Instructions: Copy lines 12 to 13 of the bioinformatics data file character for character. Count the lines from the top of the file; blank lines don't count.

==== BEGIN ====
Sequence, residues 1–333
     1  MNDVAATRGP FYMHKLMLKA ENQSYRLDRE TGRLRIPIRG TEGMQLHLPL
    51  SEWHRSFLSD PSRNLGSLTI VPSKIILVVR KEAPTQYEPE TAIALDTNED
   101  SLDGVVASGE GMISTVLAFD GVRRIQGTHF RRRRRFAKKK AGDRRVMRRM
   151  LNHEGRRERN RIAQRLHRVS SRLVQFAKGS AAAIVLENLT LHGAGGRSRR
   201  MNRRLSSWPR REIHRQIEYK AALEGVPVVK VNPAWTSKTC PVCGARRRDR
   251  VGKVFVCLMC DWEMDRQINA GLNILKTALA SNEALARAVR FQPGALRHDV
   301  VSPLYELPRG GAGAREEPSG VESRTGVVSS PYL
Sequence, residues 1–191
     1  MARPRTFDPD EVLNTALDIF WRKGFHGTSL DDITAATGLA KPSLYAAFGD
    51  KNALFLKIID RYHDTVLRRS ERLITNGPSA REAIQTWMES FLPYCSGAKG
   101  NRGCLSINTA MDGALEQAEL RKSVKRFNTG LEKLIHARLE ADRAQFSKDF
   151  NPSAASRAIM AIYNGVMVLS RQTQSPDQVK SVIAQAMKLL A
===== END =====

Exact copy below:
   101  NRGCLSINTA MDGALEQAEL RKSVKRFNTG LEKLIHARLE ADRAQFSKDF
   151  NPSAASRAIM AIYNGVMVLS RQTQSPDQVK SVIAQAMKLL A